WE COULD have told President Obama that backing off from nominating Elizabeth Warren to head the Consumer Financial Protection Bureau would not make it any easier to get the bureau off the ground.
In fact, we did tell him, but it was no great feat of prognostication. Congressional Republicans made it clear that, even though they were brutally demonizing Warren - who has built the agency and was the hands-on best choice to lead it - it wasn't about her, really. They want to cripple the bureau.
So it was no surprise that, within 24 hours of Obama naming former Ohio Attorney General Richard Cordray to be the first CFOB director, Republicans made good on their pledge to block any nominee for the position unless the position was eliminated (you read that right) and the bureau's independence was severely curtailed.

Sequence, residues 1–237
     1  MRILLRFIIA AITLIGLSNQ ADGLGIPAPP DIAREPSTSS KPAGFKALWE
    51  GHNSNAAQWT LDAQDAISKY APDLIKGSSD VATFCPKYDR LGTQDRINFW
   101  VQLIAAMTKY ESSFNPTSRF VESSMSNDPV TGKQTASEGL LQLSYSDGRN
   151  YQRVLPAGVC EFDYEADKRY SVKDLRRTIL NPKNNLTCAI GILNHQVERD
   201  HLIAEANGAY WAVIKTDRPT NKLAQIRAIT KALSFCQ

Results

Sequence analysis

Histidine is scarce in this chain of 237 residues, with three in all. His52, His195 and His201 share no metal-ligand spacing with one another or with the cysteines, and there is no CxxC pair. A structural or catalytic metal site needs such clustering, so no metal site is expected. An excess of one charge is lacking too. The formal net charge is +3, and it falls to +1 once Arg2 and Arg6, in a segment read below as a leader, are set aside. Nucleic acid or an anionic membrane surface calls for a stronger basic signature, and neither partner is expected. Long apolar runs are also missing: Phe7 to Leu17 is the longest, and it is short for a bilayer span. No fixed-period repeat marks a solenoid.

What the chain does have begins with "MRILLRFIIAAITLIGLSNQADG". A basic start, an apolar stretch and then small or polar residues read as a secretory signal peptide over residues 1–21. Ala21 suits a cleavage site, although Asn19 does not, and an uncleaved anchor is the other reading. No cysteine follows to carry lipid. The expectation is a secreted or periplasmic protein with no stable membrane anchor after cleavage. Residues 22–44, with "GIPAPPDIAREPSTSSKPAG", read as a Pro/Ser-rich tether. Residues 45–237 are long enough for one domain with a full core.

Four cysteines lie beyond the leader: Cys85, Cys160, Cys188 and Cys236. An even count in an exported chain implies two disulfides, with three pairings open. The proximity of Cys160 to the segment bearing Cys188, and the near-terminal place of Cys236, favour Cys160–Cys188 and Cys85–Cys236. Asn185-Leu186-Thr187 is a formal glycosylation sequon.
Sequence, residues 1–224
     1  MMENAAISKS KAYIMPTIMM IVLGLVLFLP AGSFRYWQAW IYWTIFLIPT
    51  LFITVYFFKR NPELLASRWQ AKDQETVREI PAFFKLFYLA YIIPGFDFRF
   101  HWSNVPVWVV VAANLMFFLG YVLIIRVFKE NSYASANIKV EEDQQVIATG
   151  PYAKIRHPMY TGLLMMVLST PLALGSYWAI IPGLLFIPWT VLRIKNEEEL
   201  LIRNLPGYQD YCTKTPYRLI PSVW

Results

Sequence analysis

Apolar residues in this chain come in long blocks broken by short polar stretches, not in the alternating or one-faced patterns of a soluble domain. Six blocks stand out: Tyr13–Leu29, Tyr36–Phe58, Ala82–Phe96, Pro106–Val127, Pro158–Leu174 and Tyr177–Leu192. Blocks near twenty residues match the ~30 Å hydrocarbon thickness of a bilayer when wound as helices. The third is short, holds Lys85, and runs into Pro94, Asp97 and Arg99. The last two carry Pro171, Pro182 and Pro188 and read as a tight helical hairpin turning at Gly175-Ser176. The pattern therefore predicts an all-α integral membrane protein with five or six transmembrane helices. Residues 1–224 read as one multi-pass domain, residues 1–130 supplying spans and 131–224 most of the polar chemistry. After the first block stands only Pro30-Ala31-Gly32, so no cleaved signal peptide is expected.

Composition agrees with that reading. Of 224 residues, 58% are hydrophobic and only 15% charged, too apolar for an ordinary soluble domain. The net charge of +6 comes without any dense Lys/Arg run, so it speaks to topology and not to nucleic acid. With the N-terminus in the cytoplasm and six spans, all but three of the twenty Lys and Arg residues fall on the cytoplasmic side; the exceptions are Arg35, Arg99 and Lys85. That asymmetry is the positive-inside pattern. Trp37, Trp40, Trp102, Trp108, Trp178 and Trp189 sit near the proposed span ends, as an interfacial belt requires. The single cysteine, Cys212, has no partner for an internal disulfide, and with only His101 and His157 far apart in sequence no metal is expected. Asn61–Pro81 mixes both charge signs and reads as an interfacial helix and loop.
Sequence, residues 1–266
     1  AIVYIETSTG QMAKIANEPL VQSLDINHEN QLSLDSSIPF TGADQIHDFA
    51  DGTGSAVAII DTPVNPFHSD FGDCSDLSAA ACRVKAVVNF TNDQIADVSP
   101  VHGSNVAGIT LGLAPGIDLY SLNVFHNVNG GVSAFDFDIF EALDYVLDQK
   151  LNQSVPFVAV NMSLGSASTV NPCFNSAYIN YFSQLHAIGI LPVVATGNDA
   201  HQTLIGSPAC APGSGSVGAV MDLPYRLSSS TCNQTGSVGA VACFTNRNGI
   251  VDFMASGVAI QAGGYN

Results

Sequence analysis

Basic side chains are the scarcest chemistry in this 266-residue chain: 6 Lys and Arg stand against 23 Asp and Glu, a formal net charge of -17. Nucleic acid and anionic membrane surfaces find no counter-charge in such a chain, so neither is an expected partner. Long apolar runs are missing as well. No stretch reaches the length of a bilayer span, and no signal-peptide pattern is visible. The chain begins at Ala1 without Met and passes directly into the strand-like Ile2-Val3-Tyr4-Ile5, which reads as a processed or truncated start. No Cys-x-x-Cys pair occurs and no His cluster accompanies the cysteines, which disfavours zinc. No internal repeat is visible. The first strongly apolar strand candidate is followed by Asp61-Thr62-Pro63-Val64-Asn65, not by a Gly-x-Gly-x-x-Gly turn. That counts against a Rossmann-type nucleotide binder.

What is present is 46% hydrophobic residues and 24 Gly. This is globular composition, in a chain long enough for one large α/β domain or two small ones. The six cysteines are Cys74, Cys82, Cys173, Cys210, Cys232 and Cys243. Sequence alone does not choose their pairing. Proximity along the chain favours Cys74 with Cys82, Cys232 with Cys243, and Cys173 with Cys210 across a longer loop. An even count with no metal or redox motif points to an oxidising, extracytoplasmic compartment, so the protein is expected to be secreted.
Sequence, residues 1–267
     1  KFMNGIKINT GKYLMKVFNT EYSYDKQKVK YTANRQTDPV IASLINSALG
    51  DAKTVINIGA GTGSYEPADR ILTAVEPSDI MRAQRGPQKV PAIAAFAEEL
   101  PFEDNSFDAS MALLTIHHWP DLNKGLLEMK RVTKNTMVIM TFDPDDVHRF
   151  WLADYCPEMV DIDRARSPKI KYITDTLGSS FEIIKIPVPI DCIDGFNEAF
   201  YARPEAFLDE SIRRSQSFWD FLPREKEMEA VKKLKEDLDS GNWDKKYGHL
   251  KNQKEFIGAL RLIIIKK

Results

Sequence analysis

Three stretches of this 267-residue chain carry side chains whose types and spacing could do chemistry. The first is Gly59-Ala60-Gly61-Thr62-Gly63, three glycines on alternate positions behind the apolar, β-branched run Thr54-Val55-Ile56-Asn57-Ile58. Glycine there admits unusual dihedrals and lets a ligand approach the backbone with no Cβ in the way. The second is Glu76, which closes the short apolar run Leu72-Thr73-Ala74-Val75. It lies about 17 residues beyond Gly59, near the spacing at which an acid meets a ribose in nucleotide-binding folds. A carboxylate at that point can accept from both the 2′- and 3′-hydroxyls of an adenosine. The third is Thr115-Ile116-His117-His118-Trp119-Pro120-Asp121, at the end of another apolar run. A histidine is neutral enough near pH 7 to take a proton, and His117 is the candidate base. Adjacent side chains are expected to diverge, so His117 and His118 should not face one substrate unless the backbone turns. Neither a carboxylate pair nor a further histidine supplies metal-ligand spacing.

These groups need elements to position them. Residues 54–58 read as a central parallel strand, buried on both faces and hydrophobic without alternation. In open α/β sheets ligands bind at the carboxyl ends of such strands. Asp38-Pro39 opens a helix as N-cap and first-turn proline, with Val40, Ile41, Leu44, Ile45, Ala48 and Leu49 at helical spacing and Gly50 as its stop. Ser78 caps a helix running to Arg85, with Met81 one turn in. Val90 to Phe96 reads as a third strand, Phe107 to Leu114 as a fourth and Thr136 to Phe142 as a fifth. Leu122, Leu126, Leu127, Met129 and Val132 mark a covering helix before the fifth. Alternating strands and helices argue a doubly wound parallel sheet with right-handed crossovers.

Republicans can't be allowed to undo by other means legislation passed by the last Congress. If Obama can't make a recess appointment of Cordray, he must take the case to the American people. It would be much easier to fight for the charismatic Warren but no matter. If the best chance in years to protect consumers goes down, it should be swinging. *